The concept for Yourself!Fitness first emerged as I was training for an Iron-Distance triathlon. I was using PC software to monitor my workouts and progress, and being a “gamer,” I started thinking about ways that the game console could bring value to consumers beyond entertainment. My personal interest in health and fitness and a Christmas visit to my in-law’s home 6 months before I was to be married, solidified the consumer need for a product like Yourself!Fitness.

At Christmas, while my brother-in-law and I were playing video games, my then fiancee and female in-laws were discussing how stressful it was to get in shape for the upcoming wedding. There was no time to workout, there were no convenient gyms in the area and aside from being expensive, gyms were uncomfortable “meat markets”. Instructional home fitness VHS/DVD was a good option, but after a while it felt repetitive and you never really knew if you were getting the workout that was best for you.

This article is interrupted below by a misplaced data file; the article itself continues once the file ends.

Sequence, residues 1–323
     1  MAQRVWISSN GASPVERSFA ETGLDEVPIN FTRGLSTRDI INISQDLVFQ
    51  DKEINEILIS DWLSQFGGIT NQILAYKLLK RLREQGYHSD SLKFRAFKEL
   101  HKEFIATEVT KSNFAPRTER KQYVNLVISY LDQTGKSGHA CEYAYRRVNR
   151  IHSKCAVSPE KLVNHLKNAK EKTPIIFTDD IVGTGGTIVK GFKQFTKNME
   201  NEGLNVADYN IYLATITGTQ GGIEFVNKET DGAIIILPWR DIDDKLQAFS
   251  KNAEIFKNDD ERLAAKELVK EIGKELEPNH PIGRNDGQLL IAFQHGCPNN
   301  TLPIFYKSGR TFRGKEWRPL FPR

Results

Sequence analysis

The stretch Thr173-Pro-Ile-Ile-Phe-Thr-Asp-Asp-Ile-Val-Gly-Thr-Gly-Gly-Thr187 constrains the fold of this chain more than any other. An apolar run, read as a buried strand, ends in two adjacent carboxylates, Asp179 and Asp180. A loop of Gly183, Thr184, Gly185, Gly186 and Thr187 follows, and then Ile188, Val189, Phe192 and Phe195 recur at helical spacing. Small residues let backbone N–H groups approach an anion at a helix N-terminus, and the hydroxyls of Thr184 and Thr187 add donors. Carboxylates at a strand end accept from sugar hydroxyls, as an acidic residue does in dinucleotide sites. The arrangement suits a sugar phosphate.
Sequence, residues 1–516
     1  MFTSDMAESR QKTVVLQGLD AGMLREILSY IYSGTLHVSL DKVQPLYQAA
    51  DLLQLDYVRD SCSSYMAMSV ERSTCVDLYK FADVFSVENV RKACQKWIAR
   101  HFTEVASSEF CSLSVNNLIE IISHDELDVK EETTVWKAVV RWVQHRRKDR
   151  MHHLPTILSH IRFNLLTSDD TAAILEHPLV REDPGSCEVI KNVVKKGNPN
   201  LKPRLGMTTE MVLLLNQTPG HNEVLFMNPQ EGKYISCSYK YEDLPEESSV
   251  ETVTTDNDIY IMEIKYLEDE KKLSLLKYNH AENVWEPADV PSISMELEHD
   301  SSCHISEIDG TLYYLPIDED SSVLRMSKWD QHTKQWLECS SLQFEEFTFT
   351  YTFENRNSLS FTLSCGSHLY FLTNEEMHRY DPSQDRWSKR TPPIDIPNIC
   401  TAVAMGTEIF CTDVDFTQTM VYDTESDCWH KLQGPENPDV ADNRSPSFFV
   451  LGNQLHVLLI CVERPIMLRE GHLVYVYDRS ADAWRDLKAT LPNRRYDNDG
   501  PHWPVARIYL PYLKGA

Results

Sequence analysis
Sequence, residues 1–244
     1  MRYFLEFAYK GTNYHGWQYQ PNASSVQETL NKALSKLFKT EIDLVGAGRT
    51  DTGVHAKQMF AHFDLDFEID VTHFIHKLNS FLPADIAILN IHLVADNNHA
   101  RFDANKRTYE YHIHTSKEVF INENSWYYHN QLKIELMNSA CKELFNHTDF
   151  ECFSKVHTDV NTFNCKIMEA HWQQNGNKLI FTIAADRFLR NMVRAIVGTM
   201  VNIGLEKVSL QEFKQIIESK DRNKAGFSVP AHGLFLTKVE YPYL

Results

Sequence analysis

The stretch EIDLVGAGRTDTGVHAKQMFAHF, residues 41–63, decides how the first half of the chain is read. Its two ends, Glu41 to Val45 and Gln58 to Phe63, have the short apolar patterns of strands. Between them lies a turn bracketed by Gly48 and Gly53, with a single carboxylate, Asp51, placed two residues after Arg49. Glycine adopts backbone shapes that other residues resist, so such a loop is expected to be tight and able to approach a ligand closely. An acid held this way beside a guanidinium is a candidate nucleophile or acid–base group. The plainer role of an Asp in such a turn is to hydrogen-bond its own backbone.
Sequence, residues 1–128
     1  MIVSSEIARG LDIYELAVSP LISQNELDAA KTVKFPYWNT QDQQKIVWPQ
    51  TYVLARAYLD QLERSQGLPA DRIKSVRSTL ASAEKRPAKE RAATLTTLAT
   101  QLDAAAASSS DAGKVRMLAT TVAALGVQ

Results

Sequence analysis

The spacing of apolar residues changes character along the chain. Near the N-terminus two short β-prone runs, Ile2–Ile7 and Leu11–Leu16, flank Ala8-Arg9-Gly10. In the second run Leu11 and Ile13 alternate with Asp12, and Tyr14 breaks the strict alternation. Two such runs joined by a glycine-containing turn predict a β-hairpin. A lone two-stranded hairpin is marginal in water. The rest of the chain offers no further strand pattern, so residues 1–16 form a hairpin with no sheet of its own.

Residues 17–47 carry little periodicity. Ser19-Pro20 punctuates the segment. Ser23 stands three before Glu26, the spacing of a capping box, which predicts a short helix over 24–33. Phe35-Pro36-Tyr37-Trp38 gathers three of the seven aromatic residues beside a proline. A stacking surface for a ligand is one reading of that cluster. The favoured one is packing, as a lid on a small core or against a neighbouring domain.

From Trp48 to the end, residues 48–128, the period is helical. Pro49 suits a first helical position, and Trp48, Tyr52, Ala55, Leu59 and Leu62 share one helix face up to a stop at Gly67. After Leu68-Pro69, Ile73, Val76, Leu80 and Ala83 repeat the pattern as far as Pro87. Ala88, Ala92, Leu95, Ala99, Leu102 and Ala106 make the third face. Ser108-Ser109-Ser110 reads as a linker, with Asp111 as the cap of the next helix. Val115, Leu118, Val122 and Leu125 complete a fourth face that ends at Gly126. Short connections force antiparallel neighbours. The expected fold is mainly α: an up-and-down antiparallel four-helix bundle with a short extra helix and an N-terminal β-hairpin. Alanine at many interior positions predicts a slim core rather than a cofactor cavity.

The next morning, as we were opening presents, my brother-in-law received a very generous assortment of video game related gifts. Gift after gift, games, a new console, game controllers, and more and more games. While these gifts all came from different members of his family, each one was given by a woman.

This led me to realize that women are not naïve about video games, but that they are simply not interested in the content available in current games on the market. I thought that we could change that by creating the first personalized, interactive and goal oriented fitness experience for the gaming console, such as PlayStation2 or Xbox.